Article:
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It’s been almost two years since extramarital affair website Ashley Madison was hacked and had its members’ details exposed online. Now, the firm’s parent company is paying the price for its security failings.
Ruby Corp, formerly known as Avid Life Media, has agreed to settle a class-action lawsuit filed on behalf of the 37 million users who found their personal information leaked online in August 2015.
While the company denies any wrongdoing, it has agreed to compensate US residents that used the website on or before 20 July 2015, who “submit valid claims for alleged losses resulting from the data breach and alleged misrepresentations.” Class members are set to receive up to $3500 based on their documented losses, once a federal judge approves the settlement.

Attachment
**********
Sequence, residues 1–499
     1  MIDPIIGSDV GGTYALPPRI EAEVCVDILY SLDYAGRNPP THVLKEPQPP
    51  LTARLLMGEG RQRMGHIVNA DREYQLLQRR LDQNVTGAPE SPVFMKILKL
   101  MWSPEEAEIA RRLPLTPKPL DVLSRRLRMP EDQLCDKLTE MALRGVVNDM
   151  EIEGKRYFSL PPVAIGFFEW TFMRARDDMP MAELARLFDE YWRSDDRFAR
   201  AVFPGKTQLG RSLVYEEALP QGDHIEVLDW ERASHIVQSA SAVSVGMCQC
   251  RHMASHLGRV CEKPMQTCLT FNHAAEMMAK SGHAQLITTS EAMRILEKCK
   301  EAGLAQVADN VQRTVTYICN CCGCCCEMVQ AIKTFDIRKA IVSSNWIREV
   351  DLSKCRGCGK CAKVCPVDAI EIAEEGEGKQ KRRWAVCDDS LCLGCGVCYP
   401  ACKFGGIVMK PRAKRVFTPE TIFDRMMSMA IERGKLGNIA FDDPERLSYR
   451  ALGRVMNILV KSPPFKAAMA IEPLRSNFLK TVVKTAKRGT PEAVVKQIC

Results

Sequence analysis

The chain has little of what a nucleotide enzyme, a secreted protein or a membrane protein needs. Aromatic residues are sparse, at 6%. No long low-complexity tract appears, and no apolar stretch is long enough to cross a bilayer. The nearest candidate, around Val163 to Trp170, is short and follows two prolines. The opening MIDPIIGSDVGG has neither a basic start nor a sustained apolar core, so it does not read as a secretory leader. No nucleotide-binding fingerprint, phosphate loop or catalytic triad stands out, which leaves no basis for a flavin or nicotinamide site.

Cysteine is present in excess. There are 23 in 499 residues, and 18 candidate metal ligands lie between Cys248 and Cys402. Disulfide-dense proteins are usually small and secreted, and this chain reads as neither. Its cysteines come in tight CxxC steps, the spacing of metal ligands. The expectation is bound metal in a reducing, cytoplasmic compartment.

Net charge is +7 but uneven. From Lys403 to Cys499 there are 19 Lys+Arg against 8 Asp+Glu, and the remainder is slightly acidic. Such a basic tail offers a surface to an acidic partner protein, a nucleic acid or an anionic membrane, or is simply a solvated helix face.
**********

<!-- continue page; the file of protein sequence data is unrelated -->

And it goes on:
Ruby’s statement on the matter may come as a relief to those who appeared in the leak. It claims that the account credentials were not verified for accuracy and some may have been created using other individuals’ information. Meaning that even if a person's name did appear in the data dump, they might not have been an Ashley Madison member, apparently.
Reuters reports that the breach cost Ruby Corp more than a quarter of its revenue, and resulted in it spending millions of dollars to improve security and user privacy.
This is the second time Ruby Corp has made a payout while denying liability. The company paid $1.6 million last December to settle an FTC probe into its lax security and deceptive practices – millions of “female” accounts on the site were actually bots operated by Ashley Madison.
The fallout from the 2015 incident was extensive. It led to some members of Ashley Madison, which used the slogan "Life is short. Have an affair," losing their jobs and families. It even caused a small number of reported suicides, including that of a priest in Louisiana.